Jackie Sports Bra Sew Along Week 1

I have been listening to my customers and the greatest requests for my patterns were to make a front closing sports bra with an adjustible strap. It has been a few years since my last sports bra pattern, but those requests were always on my mind. The adjustible strap on the Laurel was a little challenging to adjust, so I wanted to play around with a completely different concept that utilizes items you likely have in your stash.

Introducing the Jackie Sports Bra!

The pattern officially released in November, but I wanted to offer a sew along series with YouTube videos to accompany it. Today marks day 1. This is my finished sample below. I usually don’t share photos of me wearing my own lingerie, so this is a treat.

Note that there are two different construction methods in the instructions, the videos show the more complicated construction, but you can make either version. Make sure to follow along with our Sew Along Group on Facebook to get some support or ask your questions below.


Lets get to know your measurement and what size you should select when getting started.

You first want to measure your underbust measurement fairly snug and preferably sans clothing. In imperial measurements, round to the nearest inch then add either 1 or 2 to your measurement to equal your band. This is similar to European sizes, but my band would likely place you in one size up. In most American sizes, you’d be one band size down.

Confusing? Yeah, sorry about that. I developed my sizing about 8 years ago and I can’t change it since all my patterns are sized like this and I don’t want my previous customers accidentally purchasing the wrong size going forward.

Once you get the band size, then you want to measure your full bust. This should be a supportive bra and not leaning over. If your breasts are pendulous, you could end up in a huge cup that you are swimming in. If you don’t have a supportive bra, you can do your best to hold up the breasts manually while a friend measures your full bust. Four hands are needed for this.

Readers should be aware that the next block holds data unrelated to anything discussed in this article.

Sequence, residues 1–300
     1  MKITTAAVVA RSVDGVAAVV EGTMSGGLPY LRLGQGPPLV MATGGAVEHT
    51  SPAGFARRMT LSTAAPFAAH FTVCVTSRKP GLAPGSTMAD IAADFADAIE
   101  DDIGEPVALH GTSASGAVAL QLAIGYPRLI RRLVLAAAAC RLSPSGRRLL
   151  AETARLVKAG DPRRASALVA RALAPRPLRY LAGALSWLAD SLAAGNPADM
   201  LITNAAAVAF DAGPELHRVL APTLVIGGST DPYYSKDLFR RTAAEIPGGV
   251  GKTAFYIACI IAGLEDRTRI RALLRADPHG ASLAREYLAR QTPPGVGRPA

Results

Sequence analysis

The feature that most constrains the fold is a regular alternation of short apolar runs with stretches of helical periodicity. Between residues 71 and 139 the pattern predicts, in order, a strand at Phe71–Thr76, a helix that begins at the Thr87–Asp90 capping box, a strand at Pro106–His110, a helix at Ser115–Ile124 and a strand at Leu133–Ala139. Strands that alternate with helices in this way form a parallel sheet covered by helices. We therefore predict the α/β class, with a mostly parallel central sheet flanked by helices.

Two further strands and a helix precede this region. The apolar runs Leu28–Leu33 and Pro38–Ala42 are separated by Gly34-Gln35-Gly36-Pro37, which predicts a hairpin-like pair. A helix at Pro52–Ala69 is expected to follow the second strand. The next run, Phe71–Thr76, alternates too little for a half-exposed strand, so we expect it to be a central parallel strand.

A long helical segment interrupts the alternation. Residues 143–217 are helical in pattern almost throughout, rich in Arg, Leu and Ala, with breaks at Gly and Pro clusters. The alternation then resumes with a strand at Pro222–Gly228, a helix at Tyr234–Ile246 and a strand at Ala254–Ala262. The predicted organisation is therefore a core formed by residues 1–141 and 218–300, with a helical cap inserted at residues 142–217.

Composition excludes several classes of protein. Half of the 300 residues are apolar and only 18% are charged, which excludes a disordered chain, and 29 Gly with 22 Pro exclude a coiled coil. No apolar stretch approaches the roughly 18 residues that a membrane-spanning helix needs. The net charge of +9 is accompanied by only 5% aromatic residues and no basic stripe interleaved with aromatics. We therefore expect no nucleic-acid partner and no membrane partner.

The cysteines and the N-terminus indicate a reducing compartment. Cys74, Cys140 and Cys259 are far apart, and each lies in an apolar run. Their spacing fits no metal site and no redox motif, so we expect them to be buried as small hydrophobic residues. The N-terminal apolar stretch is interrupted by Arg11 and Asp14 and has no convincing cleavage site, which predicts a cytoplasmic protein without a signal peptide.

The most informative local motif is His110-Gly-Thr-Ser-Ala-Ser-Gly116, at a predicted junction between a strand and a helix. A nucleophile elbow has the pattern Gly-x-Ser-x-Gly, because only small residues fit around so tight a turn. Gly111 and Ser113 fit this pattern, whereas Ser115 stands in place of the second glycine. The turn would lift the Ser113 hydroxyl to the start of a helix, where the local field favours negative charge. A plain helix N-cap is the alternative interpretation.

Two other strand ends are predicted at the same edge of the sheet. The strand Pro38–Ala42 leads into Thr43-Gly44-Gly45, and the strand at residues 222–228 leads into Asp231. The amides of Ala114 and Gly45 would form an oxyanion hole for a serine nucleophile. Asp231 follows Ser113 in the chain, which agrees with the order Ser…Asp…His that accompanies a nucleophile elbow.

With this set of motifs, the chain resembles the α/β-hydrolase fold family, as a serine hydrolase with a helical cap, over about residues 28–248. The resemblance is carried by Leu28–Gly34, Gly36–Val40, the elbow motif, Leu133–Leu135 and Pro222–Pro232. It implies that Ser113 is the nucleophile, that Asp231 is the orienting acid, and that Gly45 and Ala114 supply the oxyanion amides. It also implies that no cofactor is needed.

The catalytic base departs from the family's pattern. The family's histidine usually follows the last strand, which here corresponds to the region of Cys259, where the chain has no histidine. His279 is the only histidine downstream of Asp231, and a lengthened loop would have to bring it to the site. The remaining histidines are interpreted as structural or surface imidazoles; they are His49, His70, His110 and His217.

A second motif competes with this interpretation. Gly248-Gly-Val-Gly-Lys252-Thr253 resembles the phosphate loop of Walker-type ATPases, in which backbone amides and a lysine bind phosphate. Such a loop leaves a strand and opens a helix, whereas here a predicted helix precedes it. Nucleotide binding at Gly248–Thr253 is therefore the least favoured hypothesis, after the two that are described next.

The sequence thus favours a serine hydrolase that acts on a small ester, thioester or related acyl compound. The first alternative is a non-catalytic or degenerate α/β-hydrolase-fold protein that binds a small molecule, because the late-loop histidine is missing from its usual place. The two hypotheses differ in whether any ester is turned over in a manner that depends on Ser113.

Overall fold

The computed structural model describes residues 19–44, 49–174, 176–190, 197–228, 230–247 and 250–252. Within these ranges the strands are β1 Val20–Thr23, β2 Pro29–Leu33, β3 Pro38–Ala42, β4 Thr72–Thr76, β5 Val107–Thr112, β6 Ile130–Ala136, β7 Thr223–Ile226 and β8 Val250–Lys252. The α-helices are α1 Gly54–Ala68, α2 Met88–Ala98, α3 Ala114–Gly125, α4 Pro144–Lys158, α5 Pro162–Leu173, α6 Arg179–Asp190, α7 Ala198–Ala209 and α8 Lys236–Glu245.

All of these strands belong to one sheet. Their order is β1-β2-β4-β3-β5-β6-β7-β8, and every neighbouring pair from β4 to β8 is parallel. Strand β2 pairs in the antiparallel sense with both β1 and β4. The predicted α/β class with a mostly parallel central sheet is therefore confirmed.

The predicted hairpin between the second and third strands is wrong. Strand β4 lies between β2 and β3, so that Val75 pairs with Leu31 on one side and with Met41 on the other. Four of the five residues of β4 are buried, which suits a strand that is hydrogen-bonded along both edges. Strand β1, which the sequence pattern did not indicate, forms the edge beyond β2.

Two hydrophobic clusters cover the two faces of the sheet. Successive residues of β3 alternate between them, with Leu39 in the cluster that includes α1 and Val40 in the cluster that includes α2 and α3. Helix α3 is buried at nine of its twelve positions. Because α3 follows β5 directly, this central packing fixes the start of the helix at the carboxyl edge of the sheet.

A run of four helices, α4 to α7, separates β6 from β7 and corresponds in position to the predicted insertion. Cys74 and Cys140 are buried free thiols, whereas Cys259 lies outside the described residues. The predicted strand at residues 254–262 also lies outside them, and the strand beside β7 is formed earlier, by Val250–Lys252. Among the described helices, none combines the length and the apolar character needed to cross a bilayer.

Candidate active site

Take your full bust measurement and round to the nearest whole number and subtract the band number from it. The difference is directly related to the cup size. 1″ difference is A cup, 2″ difference is B Cup, 3″ is C cup and so one, straight up to a 14″ difference which equals an N cup.

Once you have this size, you want to then look at the fabrics you plan to use and the purpose of the sports bra. For a fabric with a 20-30% stretch and a relaxed daily wear fit, stick to the size you picked. If you have a fabric in this stretch and would prefer a compression fit, go down 1 band size and 1 “sister” cup size, so if you measure as a 36F, you’d select the 34F.

If you decide to use a more firm fabric such as scuba or a cut and sew foam for a layer in the front, the size you measure into will fit like a compression bra. If you prefer the relaxed fit, size up one band and one “sister” cup size, so if you measured 36F, you’d go up to 38F.

If your fabric is stretchier, you can utilize a less stretchy lining or place an extra layer into the sports bra. A high level of spandex can likely make for too much bounce and can spread the breast more around your body, so be careful of that. The sports bra fabrics I currently carry are about 30% stretch, so they are at the cap of my recommendations, so if you want to feel hugged, go down in size.